And it provides a tension and a strength, legitimising at all times their continued existence in a way that CnaP could not hope to replicate. I’ve always been a little more impressed than many I know at the influence CnaP had on the Irish polity in relation to partition. The Anti-Partition campaigns of the late 1940s were both a part of and a response to CnaP. That they failed dismally is well known, that they were tried at all is testament to their effort. They were, too, of course, hugely counterproductive. Assistance to nationalist candidates in the North at elections during that period rebounded by consolidating the unionist vote. And in essence CnaP became just another Irish political party of the centre-left with no clear rationale, a process that perhaps the Mother and Child controversy accelerated rather than initiated. But the logic of anti-partition candidates was – albeit premature – not entirely without merit from their position. And look now at how in the context of the North SF is indeed that anti-partition party (and a source of continuing coherence in good times and bad).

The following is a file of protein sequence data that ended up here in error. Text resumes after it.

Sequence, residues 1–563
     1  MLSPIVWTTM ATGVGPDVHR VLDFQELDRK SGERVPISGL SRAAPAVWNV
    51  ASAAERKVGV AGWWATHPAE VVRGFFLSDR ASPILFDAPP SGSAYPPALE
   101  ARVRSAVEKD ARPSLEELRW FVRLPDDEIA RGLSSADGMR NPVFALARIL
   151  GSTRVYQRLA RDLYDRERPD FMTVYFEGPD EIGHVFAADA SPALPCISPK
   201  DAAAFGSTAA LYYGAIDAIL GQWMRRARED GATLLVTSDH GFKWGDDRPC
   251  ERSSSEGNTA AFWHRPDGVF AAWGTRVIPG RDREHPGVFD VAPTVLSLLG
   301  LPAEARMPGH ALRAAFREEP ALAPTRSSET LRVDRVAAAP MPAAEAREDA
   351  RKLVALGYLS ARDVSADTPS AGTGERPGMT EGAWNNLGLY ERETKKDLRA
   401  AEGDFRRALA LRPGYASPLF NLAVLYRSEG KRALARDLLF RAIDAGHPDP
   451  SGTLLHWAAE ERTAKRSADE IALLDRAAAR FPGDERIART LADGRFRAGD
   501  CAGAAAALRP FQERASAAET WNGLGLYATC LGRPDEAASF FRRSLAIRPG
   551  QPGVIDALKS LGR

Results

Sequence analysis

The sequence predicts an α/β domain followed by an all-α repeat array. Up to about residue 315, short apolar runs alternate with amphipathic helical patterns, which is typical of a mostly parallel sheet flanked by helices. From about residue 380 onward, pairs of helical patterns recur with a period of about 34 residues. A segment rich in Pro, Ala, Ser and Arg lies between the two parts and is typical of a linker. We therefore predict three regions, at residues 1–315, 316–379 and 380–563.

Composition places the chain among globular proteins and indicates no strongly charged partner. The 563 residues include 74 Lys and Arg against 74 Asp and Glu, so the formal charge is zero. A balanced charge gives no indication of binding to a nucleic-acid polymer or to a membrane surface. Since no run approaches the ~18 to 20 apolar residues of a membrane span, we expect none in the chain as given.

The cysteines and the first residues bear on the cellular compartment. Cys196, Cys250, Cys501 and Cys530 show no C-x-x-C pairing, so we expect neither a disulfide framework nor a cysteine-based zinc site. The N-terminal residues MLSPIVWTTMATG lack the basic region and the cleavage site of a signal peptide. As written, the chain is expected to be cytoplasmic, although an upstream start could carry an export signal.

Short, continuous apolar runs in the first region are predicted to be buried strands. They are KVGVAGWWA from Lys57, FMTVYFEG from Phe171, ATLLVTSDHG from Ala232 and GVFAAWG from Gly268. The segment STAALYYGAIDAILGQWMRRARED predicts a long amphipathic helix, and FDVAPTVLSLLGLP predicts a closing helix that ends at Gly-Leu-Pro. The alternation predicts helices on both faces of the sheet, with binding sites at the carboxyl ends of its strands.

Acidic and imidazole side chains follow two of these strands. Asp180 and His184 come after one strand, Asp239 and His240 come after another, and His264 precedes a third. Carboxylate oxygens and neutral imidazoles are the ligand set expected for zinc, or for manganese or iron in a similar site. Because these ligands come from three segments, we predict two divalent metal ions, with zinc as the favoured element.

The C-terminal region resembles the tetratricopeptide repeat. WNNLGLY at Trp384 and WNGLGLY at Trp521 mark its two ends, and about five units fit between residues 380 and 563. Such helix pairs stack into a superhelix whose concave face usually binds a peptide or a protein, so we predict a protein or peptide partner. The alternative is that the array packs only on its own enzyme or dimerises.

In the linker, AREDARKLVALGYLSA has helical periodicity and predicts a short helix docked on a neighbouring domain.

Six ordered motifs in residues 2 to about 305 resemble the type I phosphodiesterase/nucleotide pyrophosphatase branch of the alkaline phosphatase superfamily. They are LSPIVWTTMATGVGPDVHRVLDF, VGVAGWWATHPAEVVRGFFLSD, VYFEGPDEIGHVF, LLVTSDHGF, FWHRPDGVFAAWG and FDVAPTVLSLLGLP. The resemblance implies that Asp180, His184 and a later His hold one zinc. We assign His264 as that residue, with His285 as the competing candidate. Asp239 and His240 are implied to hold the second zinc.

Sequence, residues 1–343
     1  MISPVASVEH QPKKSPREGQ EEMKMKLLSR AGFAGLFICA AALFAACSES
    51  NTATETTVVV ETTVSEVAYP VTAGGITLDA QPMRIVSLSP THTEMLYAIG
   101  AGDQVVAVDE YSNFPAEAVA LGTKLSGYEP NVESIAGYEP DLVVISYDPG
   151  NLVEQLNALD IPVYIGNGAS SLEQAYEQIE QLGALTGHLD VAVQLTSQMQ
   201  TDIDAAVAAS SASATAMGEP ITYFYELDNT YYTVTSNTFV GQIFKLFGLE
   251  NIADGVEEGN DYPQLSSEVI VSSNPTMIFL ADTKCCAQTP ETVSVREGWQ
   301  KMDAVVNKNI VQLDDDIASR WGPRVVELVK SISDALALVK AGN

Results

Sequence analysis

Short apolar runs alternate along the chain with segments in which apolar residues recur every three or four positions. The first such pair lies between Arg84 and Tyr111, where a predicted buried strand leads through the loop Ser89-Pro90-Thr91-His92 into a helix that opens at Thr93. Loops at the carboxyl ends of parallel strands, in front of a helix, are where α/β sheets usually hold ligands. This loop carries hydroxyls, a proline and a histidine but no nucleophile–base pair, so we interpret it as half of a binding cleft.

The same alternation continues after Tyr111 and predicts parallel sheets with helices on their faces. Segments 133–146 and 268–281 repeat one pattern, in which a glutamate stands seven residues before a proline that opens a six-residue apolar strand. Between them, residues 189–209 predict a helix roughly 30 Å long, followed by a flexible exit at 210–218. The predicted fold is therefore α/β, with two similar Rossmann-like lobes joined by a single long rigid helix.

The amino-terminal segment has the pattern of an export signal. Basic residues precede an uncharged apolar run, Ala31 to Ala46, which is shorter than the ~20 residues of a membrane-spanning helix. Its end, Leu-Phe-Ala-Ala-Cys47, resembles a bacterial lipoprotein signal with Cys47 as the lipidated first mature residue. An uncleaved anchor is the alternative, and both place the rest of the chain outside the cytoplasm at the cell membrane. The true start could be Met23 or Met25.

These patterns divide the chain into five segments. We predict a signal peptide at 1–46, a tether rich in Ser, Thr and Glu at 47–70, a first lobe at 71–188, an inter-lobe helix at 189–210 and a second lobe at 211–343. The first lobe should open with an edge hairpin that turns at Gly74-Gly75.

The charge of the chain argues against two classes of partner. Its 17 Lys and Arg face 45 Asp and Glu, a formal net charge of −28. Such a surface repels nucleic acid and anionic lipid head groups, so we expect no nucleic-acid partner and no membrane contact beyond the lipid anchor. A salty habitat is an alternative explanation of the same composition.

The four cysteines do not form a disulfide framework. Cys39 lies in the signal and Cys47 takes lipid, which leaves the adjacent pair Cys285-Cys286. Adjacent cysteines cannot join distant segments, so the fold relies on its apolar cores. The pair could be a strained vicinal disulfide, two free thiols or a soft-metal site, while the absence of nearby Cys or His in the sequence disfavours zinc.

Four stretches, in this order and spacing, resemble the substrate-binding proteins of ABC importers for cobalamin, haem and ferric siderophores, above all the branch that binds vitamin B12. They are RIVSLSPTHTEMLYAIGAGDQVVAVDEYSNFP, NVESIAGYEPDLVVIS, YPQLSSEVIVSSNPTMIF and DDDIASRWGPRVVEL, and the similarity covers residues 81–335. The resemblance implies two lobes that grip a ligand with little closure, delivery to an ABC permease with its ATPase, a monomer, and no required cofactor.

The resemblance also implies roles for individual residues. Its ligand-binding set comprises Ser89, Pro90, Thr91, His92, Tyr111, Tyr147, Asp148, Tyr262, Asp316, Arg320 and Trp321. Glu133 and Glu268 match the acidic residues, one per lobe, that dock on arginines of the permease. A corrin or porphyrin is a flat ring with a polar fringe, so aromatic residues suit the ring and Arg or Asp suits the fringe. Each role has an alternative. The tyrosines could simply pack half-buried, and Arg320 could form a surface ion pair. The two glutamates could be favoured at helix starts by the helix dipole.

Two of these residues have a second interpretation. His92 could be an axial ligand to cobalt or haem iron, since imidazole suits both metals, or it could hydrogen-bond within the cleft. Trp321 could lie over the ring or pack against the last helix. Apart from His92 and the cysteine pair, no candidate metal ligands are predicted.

Finally, CnaP gained 10 seats at their height. Far from discreditable, but not what was expected and thereafter never achieved again. SF has built up from much much lower numbers. There’s no reason for it to go back to previous numbers, and every indication that it will double or perhaps eventually triple CnaP’s tally, but what was given by the electorate can sooner or late be taken away.
Again, changed circumstances. There’s broad agreement on the current dispensation, but… nothing is for sure. And those stresses that felled CnaP. In some respects they’re built into the very nature of the political system in this state.
You may have missed this earlier: From the selection in the Left Archive… Pavee: No. 3 from the Committee for the Rights of Travellers July 24, 2014Posted by WorldbyStorm in Irish Left Online Document Archive.
1 comment so far
As part of getting people acquainted and used to the extended Left Archive we’re going to link every week to previous documents that have been posted there that may be of interest. This week,Pavee: No. 3 from the Committee for the Rights of Travellers